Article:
Credit cards typically charge a higher annual percentage rate (APR) versus other forms of consumer loans. Interest charges on any unpaid balances charged to the card are typically imposed approximately one month after a purchase is made (except in cases where there is a 0% APR introductory offer in place for an initial period of time after account opening), unless previous unpaid balances had been carried forward from a previous month—in which case there is no grace period granted for new charges.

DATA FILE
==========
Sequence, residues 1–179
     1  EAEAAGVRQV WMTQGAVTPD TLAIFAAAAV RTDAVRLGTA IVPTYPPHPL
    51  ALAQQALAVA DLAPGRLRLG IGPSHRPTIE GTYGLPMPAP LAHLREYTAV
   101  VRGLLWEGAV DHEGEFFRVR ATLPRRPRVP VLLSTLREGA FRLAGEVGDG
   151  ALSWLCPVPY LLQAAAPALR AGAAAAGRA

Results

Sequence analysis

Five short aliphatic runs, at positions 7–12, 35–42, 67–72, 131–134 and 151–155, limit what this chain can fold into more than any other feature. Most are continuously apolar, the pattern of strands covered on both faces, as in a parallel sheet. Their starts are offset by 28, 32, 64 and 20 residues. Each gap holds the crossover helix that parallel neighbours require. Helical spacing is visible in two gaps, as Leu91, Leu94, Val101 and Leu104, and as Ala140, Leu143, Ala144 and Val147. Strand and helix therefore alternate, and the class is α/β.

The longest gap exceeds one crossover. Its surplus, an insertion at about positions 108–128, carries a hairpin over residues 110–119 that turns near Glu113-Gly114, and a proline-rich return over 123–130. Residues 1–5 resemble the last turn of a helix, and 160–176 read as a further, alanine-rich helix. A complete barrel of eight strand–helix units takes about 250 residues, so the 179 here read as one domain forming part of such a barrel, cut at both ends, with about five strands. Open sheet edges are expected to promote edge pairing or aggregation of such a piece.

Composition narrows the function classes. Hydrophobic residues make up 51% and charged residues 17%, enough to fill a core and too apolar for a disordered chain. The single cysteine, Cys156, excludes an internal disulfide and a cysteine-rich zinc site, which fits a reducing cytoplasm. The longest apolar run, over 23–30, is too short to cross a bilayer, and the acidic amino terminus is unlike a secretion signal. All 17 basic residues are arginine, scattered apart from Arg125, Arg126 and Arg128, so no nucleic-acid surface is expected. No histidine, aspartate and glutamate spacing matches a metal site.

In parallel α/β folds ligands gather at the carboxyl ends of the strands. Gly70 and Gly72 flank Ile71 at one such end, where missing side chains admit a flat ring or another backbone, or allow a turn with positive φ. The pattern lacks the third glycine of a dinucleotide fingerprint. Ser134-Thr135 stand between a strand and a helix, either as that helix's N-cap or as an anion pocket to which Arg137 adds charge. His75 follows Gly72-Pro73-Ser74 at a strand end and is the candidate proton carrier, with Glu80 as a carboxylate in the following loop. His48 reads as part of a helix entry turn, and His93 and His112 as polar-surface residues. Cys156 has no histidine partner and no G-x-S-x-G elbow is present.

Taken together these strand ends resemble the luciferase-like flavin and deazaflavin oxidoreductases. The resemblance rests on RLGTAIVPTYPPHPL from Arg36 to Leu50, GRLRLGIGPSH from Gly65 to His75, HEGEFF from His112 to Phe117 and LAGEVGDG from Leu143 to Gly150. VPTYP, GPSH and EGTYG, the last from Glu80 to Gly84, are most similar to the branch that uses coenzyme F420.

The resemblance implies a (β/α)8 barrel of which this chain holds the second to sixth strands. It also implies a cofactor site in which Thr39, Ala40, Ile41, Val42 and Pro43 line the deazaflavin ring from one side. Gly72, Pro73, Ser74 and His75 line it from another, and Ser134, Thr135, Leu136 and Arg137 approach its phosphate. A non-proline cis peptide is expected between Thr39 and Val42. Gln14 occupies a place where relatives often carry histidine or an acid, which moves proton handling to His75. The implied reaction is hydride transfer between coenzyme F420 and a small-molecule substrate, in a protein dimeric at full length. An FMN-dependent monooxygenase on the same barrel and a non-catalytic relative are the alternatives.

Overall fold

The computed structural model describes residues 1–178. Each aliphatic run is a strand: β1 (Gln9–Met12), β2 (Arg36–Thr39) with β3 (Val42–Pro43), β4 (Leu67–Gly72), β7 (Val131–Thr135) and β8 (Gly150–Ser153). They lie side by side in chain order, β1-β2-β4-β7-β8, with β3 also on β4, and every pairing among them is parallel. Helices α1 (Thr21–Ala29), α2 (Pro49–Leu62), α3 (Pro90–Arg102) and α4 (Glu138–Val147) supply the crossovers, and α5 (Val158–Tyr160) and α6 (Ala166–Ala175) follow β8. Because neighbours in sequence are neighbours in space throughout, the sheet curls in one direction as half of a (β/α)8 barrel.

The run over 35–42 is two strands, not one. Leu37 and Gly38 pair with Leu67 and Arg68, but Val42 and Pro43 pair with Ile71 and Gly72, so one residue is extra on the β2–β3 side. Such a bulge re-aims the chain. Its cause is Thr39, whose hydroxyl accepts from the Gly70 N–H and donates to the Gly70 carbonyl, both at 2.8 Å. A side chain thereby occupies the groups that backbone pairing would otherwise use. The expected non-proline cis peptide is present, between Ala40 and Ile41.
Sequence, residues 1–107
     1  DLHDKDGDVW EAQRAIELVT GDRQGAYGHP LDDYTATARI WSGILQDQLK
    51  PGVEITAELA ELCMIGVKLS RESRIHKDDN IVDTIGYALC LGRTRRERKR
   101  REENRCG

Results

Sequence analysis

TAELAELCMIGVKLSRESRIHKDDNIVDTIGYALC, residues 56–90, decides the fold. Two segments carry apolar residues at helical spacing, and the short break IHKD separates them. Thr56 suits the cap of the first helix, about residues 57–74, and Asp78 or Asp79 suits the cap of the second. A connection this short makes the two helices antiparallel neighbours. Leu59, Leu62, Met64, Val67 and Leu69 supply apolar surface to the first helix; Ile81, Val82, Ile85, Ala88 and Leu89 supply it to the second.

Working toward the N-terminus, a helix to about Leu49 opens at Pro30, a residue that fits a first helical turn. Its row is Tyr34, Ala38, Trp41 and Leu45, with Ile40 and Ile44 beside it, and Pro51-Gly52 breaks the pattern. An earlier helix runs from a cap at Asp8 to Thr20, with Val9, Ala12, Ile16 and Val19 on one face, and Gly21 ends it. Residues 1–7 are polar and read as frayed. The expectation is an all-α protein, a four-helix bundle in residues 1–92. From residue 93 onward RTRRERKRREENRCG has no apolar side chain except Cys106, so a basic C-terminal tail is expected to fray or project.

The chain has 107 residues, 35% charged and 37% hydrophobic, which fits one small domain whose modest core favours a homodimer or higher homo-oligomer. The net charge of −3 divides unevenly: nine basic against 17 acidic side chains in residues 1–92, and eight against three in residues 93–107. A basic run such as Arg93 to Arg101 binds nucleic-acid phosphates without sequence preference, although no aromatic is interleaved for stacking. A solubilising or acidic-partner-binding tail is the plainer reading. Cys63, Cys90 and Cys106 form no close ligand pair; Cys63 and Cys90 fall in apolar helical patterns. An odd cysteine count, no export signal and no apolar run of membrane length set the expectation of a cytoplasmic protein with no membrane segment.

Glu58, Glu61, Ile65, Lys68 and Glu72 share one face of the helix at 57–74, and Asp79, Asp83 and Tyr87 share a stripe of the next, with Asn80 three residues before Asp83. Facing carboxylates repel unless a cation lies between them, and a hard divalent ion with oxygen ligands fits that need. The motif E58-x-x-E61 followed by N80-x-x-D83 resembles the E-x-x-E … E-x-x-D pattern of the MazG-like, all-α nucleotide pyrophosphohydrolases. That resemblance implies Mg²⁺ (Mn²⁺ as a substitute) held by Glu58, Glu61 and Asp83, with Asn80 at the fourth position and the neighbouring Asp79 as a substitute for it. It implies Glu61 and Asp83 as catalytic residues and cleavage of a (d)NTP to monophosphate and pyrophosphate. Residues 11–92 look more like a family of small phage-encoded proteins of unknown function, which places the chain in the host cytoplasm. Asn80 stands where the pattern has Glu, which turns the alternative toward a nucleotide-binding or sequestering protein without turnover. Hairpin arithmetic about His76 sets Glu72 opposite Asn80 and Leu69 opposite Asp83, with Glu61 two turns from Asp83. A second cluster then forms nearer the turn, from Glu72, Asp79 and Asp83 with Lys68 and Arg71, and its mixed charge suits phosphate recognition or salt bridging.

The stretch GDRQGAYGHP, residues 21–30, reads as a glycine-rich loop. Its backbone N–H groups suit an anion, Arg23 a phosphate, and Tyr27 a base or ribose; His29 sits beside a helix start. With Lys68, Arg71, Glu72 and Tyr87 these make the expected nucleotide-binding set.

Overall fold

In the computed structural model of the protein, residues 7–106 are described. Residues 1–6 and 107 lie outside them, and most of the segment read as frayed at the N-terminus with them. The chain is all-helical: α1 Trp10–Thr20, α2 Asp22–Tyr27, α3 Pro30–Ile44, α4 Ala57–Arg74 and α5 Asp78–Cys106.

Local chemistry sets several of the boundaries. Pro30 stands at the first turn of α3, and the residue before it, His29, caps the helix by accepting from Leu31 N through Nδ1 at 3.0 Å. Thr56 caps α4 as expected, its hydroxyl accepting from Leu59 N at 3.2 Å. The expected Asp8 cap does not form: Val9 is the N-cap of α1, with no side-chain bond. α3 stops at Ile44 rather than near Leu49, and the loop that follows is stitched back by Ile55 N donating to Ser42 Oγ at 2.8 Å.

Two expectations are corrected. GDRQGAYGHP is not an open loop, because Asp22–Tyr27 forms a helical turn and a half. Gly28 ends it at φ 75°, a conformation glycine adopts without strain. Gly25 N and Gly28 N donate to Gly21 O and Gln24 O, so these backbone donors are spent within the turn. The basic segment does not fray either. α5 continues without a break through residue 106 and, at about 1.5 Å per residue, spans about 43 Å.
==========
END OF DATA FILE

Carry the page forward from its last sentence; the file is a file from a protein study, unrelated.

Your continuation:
By law, credit card issuers must offer a grace period of at least 21 days before interest on purchases can begin to accrue.1 That’s why paying off balances before the grace period expires is a good practice when possible. It is also important to understand whether your issuer accrues interest daily or monthly, as the former translates into higher interest charges for as long as the balance is not paid. This is especially important to know if you’re looking to transfer your credit card balance to a card with a lower interest rate. Mistakenly switching from a monthly accrual card to a daily one may potentially nullify the savings from a lower rate.